Protecting Your Family and Your Business

Family businesses can be a messy affair if you don’t plan out all your legal documents properly. There are numerous cases of people having long court arguments over inheritance or having mistresses and step-families demanding rights. In these cases, the only person that really wins is the lawyers and tax collectors.

Fortunately, you can avoid all this with proper planning. Even if you are in perfect health, it is best to have a strategy ready if ever something were to happen. This process can take months to even years, but everyone will benefit from it because it keeps the peace. You can also rest easy knowing that all the work put into your business is not wasted.

One important part of the planning process is having everything written on paper, preferably notarized and in front of a lawyer. Simply saying it is not enough, and it will make legal proceedings a lot easier if it is done on paper.

To make sure that your family and business are protected, consider these two situations and what to do about them.

In Marriage

getting a divorceBusinesses come with a lot of risks, and your partner should be aware of it. When marrying someone, they have certain rights and responsibilities. This can be both a good thing and a bad thing. On the positive side, they can get certain assets if you die. However, the debt that you may have taken out during that time can be a point of contention.

For this reason, it is advisable to have a prenup or at least discuss it before getting married. Prenups are not only used to make sure that your assets are secure, but they are also done to make sure that your spouse is protected. Contrary to popular belief, prenups are supposed to be fair. Most states will throw it away if they deem it unfair to either party.

Prenups can also establish how much your partner will get in the case of divorce. If joint accounts have been used for the business, you will be able to set the initial worth of your business to prevent conflict and long discussions with the divorce attorney.

This is why it is best to have your business partner sign a prenup as well if they are getting married. If the spouses have contributed to the development of the company, the value of their work can also be determined.

In the same sense, prenups can prevent collectors from chasing your spouse when there is existing debt. Although marriage does not necessarily mean that they share your debt, it can complicate situations later on. These agreements can also guarantee that your spouse can still earn a portion of the business in case you die.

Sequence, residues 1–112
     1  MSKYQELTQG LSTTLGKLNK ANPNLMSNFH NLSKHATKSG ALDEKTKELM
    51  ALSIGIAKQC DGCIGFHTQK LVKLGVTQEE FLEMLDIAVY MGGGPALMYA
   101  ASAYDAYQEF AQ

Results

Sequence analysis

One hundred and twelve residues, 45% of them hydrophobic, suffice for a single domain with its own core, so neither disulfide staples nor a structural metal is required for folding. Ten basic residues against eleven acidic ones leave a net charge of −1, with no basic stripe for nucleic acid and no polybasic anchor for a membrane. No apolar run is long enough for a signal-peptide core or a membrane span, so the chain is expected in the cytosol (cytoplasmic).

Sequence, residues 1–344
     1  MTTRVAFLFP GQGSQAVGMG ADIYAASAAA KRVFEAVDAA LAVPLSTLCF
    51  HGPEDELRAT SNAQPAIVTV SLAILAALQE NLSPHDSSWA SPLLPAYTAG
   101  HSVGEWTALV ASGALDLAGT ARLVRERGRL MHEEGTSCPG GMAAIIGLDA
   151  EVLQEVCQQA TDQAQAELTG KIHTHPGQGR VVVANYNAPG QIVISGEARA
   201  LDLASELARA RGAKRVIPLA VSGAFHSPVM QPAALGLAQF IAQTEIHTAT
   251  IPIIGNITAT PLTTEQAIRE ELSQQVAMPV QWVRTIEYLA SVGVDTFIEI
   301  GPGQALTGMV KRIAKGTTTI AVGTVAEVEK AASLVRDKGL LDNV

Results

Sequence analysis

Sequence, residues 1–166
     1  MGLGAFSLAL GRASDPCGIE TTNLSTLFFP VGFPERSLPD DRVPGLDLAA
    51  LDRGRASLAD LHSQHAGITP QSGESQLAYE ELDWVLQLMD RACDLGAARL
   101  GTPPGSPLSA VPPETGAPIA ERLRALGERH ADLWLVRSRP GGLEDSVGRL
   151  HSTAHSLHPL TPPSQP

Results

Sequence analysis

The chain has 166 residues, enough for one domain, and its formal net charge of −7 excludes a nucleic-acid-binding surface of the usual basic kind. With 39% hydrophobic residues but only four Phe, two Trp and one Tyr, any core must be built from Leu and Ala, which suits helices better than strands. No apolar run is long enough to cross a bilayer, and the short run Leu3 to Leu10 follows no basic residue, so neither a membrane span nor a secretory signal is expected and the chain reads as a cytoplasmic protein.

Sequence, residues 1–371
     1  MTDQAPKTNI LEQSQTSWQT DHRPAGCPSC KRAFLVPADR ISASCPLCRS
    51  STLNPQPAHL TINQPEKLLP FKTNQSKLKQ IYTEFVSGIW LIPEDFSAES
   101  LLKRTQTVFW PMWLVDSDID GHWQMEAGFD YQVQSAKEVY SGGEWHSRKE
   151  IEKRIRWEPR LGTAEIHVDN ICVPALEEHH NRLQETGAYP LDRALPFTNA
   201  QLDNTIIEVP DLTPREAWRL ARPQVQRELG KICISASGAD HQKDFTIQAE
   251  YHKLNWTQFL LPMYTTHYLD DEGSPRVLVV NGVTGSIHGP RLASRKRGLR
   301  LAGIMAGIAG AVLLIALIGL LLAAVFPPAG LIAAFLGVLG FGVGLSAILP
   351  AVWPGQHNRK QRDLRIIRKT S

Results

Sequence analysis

In Terms of Succession

A 2016 study showed that 43 percent of family-owned businesses don’t have succession plans. This can become a serious problem in the future because you might end up with children fighting over who gets what. It is also good business practice to always make sure that you have a plan for untimely events.

“Generally, most family business owners find themselves so involved in the day-to-day operations, they’re not thinking of what’s next for them personally or for their family and how that intersects with the business,” said the managing director of SunTrust Business Transition Advisory Group David Neubert.

Without proper arrangements, your children can end up with long legal proceedings and arguments. Aside from that, there are also the chances that none of your children will want to take over the business and would prefer to pursue their own careers. This can put them in a tight position because one cannot simply be given a business without the knowledge and means to keep it running.

Consulting with a business advisor is one way that you can decide on the succession. Of course, it should also be discussed with the concerned family members. If other members choose to share responsibilities, legal experts advise that you get the terms of their responsibilities and their contributions in writing. This is to prevent other family members from doing unjust practices on the employees.

You may also need to establish the government structure of your family business. Will your success be making major business decisions? To what extent can they make changes?

Most people do not consider what would happen to them during the worst-case scenarios. But as a business owner, you need to look ahead. Make sure that all your terms and assets are secured to avoid any future conflict between you and your family.

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